There are four things inside the envelope: a small iron key, old-fashioned with pronounced teeth and a loop at the end, like it could be worn on a necklace; a Japanese coin, round with a square hole cut into its center, and kanji inscribed at compass points around the hole; a black plastic ballpoint pen, cheap and with a cap on its end; and a sheet of thick white paper, folded into thirds. The key, coin and pen I put onto the passenger’s seat, along with the envelope. The paper I unfold, and I begin to read the letter, written in my own handwriting, addressed to myself, and which I have no idea of ever having written.
There’s no time to write this. Things are getting wobbly, and it’s almost time for a shift. If I can finish it in time, I’ll give it to Arthur, and hopefully he can get it to you.
Use the pen in the envelope. Write down what I’m going to tell you, because this letter is going to change when you look at it again. It can’t be stopped. It’s a spillover.
I glance at the pen on the seat next to me, but don’t pick it up. There is something unsettling about it, and I don’t want to touch it. I turn back to the letter and reread from the beginning.
I can’t write this now, but I have to anyway. It’s almost shift time. You have to use the pen in the envelope and write down what I’m telling you. This letter is going to change as soon as you look away. Nothing stays solid. Everything is moving.
Write it down. Everything changes when you come back to it again.
This makes no sense. It’s a trick, of course, something Arthur is playing on me. I turn the paper over and look at the back, as if to find the words I originally read on the reverse side, but it is of course blank. I flip the letter around again and look at the handwriting once more.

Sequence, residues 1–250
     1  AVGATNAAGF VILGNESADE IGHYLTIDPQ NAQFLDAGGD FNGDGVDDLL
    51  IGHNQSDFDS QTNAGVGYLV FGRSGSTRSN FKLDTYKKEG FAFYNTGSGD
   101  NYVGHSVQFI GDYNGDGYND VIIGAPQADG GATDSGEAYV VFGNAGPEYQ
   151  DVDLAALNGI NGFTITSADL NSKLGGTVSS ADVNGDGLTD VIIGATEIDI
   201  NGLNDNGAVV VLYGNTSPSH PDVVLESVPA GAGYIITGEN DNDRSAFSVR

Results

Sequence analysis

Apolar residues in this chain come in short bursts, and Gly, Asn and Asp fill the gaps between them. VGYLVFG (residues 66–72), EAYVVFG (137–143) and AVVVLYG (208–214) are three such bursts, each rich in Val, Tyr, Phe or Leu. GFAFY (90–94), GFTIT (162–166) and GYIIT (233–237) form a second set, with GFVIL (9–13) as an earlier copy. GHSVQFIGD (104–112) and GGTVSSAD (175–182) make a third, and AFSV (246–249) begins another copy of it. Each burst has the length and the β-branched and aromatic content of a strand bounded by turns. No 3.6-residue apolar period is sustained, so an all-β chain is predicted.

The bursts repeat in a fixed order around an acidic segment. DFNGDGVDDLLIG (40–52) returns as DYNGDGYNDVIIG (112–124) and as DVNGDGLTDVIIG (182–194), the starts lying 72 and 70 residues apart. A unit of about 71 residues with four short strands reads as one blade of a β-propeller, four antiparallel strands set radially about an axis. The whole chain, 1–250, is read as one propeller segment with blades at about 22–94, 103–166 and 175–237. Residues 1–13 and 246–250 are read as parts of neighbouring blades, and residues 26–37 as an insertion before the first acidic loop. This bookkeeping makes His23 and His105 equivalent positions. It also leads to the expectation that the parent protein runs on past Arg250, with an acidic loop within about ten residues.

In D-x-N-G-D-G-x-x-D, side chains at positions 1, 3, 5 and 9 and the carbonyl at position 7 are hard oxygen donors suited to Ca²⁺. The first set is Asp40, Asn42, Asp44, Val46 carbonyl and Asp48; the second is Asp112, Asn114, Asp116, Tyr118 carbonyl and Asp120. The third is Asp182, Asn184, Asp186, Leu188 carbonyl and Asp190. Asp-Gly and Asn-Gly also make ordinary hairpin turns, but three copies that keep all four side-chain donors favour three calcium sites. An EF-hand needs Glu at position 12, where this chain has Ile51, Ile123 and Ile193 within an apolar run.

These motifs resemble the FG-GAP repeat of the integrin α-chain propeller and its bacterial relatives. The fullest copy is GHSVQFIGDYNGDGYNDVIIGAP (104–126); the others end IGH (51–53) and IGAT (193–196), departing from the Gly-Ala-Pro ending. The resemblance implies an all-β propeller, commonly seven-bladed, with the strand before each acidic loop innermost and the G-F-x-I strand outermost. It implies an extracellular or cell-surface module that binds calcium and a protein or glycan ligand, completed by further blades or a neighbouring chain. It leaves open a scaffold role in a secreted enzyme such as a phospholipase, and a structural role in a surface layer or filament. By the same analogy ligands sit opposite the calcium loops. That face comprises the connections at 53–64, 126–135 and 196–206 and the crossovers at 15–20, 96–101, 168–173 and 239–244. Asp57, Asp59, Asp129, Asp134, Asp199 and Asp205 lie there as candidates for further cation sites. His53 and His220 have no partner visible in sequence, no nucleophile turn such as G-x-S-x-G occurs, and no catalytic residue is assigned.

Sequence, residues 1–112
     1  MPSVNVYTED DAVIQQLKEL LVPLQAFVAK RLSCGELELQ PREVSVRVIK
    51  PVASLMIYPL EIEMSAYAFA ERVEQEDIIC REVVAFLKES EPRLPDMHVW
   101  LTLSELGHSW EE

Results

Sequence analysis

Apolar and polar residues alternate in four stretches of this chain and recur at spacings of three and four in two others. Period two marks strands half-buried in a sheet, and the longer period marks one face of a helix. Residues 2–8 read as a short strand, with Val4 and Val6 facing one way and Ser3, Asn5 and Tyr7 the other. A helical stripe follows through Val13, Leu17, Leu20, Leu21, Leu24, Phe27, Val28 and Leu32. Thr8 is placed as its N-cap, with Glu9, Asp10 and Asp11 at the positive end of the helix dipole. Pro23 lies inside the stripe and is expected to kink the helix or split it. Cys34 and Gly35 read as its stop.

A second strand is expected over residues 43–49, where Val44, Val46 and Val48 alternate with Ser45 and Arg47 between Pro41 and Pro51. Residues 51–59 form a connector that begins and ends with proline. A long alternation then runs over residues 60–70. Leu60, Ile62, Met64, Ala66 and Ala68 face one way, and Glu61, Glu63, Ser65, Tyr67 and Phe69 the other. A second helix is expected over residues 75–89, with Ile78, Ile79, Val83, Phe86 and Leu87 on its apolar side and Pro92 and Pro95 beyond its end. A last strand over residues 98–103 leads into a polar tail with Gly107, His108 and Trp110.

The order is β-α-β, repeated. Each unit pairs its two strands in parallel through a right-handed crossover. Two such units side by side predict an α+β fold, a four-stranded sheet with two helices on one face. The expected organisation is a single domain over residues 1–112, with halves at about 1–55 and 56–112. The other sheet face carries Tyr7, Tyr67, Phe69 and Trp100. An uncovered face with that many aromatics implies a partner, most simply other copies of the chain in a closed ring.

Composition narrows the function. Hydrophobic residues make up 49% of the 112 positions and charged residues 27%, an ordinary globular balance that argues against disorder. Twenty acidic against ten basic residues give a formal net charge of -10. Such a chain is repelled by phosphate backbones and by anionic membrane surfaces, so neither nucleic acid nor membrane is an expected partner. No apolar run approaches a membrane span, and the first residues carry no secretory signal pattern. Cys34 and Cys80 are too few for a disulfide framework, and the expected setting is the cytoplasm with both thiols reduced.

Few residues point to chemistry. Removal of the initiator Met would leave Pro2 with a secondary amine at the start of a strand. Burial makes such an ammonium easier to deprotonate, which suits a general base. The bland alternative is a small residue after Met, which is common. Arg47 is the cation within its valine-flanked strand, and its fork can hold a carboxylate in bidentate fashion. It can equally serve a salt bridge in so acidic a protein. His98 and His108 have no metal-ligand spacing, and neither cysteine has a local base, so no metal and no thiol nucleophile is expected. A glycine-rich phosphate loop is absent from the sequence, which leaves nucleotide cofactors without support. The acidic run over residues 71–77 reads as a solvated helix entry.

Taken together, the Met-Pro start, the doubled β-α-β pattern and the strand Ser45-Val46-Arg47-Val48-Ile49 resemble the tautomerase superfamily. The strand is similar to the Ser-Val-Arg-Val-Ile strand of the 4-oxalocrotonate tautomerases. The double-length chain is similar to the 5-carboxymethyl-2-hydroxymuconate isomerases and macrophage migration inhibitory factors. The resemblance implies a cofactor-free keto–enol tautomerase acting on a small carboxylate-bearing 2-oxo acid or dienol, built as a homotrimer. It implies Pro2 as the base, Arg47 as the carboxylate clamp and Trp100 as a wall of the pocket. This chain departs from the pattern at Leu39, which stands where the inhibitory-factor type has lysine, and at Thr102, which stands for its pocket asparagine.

I have to hurry. It’s coming again, and I can’t stop it. Use the pen and write this down.
Things are beginning to slip.
Without looking away from the page, I reach over and fumble in the passenger seat for the envelope, which I set on my thigh, and then the pen, which I uncap with my thumb, letting the cap fall where it may. I press my hand against the envelope, and sneak a quick glance at it to see where my pen falls on the paper. When I look back up at the letter, I see that it has changed again.
I’m almost not here anymore. We’re almost not here. You and I? Can you see me?
You have to go to Penelope. Penelope can help you.
I don’t know anyone named Penelope. I scribble the name on the envelope, not looking at what I’m writing, adding a question mark after it. I’m sure my writing is sloppy and childlike, but I am afraid to look away from the letter again.
Rum and molasses.
Write it down, Oli.
Penelope. Rum and molasses.
Then, at the bottom of the page, scrawled in my handwriting, but jagged like it was written in a moving car on a potholed crumbling road:
Believe Arthur, but don’t trust him.
He doesn’t slip like the rest.
The sentence ends there. I reread the letter again, and even though I haven’t looked away from the sheet, I can see how the words are straining to change again, fading at the loops and whorls of the writing, the ghost of another letter pushing up from within the paper itself, wanting to rise up like an answer inside a magic 8-ball.
I already don’t trust Arthur, and what is it I’m supposed to believe that he tells me? That we were in New Zealand together? It’s nonsense. I’ve never been to New Zealand. All of this is a game he’s playing, this paper some kind of trick. I’m in the tech capital of the world. He must have some kind of digital paper, something not out in the world yet. It’s a stupid idea, but it makes more sense than… than what? I don’t know what any of this means.
I don’t trust him, and I don’t believe him either.
I look at what I’ve written on the envelope: Penelope? Rum + molasses. Believe Arthur don’t trust him. When I look back at the letter in my hand, the paper is completely blank. I fold it back into thirds and slip it into the envelope, then put the coin, key and pen back as well.
My name is still on the envelope’s front, and the handwriting is still my own.
I don’t know any Penelope, and I don’t want to know Arthur either.
I try to pretend my hands aren’t shaking as I turn the key already in the ignition, and I pull out onto the street.
I try to pretend I’m not wanting to find Arthur and ask him who Penelope is.
I’m trying to pretend a lot of things.